“We’ll probably have to make a game-time decision, but they both look fine,” Claude Julien said after the club’s skate at Warrior Ice Arena.

“I felt better today,” Bergeron said this morning, “it was a lot of better than it was in the third period when I tried to go back out there. There should be a good chance [that I play].”

The 31-year-old Bergeron has tallied 12 goals and 26 points in 51 games this season, but has turned it on (read as: finally found some offensive luck) in recent games, with seven goals and 16 points in his last 17 games played.

A rested Rask (the 29-year-old had two consecutive days off between Wednesday in D.C. and tonight) is good news for the Bruins, too, as he enters play with 15 wins and a .932 save percentage in 21 career starts against the Maple Leafs.

The Leafs come into this game on a three-game losing streak but still just three points behind the Bruins with five games in hand.

Blog Author: 
Ty Anderson
The Islanders could be looking for a new home. (Andy Marlin/USA Today Sports)

The Islanders could be looking for a new home. (Andy Marlin/USA Today Sports)

Cue up “Brass Bonanza” because we’ve got ourselves some good old-fashioned Hartford hockey talk.

According to Hartford’s WFSB, Connecticut governor Dannel Malloy has sent a letter to Islanders ownership offering up the XL Center as a temporary, and perhaps long-term, home for the franchise.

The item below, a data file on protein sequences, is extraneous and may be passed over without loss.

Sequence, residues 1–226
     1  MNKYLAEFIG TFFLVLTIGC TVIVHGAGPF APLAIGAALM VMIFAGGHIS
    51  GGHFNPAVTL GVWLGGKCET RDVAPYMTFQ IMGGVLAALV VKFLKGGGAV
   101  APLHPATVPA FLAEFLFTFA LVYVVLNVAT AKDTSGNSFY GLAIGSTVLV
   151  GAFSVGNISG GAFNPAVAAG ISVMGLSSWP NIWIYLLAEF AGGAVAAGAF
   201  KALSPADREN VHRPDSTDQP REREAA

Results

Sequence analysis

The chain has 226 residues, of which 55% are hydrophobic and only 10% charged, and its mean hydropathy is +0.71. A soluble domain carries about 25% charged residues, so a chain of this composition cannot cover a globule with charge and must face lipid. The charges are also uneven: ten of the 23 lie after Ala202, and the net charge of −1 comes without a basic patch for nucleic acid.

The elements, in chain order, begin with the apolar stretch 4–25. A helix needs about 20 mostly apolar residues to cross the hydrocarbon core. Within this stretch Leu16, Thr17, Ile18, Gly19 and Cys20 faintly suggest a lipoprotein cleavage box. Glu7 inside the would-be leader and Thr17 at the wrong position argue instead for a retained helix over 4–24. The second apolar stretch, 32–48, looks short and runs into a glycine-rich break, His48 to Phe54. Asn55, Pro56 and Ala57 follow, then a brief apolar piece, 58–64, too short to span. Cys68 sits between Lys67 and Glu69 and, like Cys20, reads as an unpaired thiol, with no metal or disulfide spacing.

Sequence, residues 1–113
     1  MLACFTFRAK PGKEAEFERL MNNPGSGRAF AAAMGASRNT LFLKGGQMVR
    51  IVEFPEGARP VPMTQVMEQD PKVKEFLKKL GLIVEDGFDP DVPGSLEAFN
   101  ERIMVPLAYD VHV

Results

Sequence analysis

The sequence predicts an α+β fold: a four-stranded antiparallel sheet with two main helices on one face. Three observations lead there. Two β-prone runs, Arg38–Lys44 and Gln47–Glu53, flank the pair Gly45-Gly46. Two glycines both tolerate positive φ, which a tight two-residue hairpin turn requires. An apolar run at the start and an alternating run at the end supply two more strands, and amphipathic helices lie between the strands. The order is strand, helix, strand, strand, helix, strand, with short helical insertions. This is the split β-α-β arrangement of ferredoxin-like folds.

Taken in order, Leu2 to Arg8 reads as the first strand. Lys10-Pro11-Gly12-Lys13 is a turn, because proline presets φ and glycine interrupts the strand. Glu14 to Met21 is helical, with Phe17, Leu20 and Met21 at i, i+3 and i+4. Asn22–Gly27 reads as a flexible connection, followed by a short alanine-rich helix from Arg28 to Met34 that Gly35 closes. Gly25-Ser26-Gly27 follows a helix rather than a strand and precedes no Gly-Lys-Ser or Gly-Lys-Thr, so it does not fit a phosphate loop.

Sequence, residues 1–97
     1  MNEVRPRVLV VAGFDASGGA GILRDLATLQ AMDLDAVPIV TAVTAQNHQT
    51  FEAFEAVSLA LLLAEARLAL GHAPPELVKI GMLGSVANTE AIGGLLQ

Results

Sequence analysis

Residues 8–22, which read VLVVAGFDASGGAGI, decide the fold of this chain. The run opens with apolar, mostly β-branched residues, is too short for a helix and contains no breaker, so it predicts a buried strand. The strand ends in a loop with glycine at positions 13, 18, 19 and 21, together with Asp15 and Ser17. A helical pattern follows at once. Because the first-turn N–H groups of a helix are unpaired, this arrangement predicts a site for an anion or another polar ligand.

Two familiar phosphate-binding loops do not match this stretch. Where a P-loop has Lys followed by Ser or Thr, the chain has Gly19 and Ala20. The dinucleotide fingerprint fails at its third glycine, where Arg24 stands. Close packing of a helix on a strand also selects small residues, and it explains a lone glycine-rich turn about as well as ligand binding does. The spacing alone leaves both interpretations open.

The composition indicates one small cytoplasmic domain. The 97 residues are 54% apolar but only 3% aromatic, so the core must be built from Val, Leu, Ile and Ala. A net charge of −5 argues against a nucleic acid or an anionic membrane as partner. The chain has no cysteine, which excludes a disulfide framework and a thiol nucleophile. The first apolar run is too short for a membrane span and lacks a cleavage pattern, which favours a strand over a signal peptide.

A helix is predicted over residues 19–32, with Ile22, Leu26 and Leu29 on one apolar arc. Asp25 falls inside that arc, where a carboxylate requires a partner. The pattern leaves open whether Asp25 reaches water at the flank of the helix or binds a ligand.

The Islanders could be looking for a new home after the 2017-18 or 2018-19 season following reports that their current home, Brooklyn’s Barclays Center (which also hosts the NBA’s Brooklyn Nets), could make more money without them there and is looking to dump them.

The XL Center was home to the Whalers from 1975 until the team left for Carolina in 1997. It has undergone a number of renovations in recent years, and Malloy notes in his letter (you can read the full letter here) that there are plans for more to come.

It’s all a long shot since the Islanders’ first choice is presumably to stay in the New York City area, but hey, it’s worth a try, right? At the very least, it gives us all an excuse to listen to this:

Blog Author: 
Scott McLaughlin

Do Your Job.

It’s a phrase that Claude Julien has often adopted for his own team, but also one that he wore on his chest Friday.

Do Your Job.

It’s a phrase that Claude Julien has often adopted for his own team, but also one that he wore on his chest Friday.

After a 45-minute on-ice session at Warrior Ice Arena ahead of tomorrow’s pivotal head-to-head with the Maple Leafs, Julien greeted the media wearing a Patriots shirt featuring Bill Belichick’s famous ‘Do Your Job’ motto that became a rallying cry of sorts for the Patriots during their Super Bowl run in 2015. But the 10-year coach of the Bruins was far from the only Bruin donning some Patriots gear ahead of this weekend’s Super Bowl LI showdown between the Patriots and Falcons.